Individuals with a family history of alcohol problems are at increased risk for developing alcohol problems, but the specific mechanisms by which alcohol behaviors are transmitted from one generation to the next are not well understood. The purpose of the proposed study is to investigate the development of alcohol involvement (i.e. alcohol use and problems) and its intergenerational transmission among participants in the Joint Child Health Project, an ongoing three-generational longitudinal study on the island of Mauritius. In 1972, a general sample cohort of 1,795 male and female 3 year-olds were tested on psycho-physiological, nutritional, cognitive, and temperamental factors, while their first-generation parents were assessed on psychosocial variables. This second generation is now 40 years old and along with their spouses will be assessed on measures of lifetime alcohol involvement and associated genetic, personality, cultural, familial, parenting, and psychosocial measures. The third-generation offspring also have been well characterized on psycho-physiological, nutritional, cognitive, and temperamental factors between the ages of 3 and 11 years. The third-generation offspring who are 12 years of age or older will now be assessed for early alcohol involvement and associated variables, including genetic, familial, peer, cultural, and social influences, personality and individual differences, and psychosocial, cognitive, and behavioral variables. The multigenerational dataset and unique setting of the JCHP will enable us to tease apart the complex interplay of risk and protective factors in ways that cannot be done in U.S. samples where alcohol use is nearly universal. Findings will also test the degree to which pathway models of the development of alcohol problems generalize to a non-Western culture. The three specific aims of the proposed study are: 1) to create a rich dataset for testing mechanisms of alcohol involvement over three generations, 2) to test hypothesized mechanisms for the early initiation of alcohol use in G3 offspring, and 3) to test mechanisms for the progression from initiation to hazardous drinking in G3 offspring. This multigenerational prospective study has sufficient power and comprehensive assessments of childhood precursors and alcohol involvement to disentangle the complex interactive effects of individual differences, psychosocial, biological, cultural, and genetic risk and protective factors on alcohol involvement. Knowledge of such processes will inform future prevention and harm reduction research and efforts.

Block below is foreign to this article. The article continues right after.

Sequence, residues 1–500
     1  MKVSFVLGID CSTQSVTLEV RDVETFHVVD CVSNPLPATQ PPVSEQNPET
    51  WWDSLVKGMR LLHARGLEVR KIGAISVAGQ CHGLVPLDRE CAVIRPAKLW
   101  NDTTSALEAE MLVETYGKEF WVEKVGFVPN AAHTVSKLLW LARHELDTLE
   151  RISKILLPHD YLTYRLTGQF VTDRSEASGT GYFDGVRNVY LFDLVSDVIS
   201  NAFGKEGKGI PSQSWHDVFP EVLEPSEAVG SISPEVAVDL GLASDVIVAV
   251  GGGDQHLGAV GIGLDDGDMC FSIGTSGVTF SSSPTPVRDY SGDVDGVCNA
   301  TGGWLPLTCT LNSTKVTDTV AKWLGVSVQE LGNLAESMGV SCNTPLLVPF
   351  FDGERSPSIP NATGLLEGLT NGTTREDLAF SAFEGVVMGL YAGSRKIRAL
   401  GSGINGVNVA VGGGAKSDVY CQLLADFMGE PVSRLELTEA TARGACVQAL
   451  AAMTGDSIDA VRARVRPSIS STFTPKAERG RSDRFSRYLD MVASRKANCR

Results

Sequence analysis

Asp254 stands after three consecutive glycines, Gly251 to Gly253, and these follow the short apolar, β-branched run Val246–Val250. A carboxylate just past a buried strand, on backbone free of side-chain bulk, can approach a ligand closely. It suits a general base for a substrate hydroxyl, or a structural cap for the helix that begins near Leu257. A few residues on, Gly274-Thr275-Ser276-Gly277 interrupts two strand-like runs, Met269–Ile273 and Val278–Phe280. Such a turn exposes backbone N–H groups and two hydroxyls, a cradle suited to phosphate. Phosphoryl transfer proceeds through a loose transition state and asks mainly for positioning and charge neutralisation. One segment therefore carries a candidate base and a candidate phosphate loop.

This study offers a unique opportunity to better understand how biological, cultural, familial, and psychosocial risk and protective factors influence the continuity and change of alcohol involvement across generations. This new knowledge could contribute to more effective prevention programs for reducing alcohol problems and disorders.
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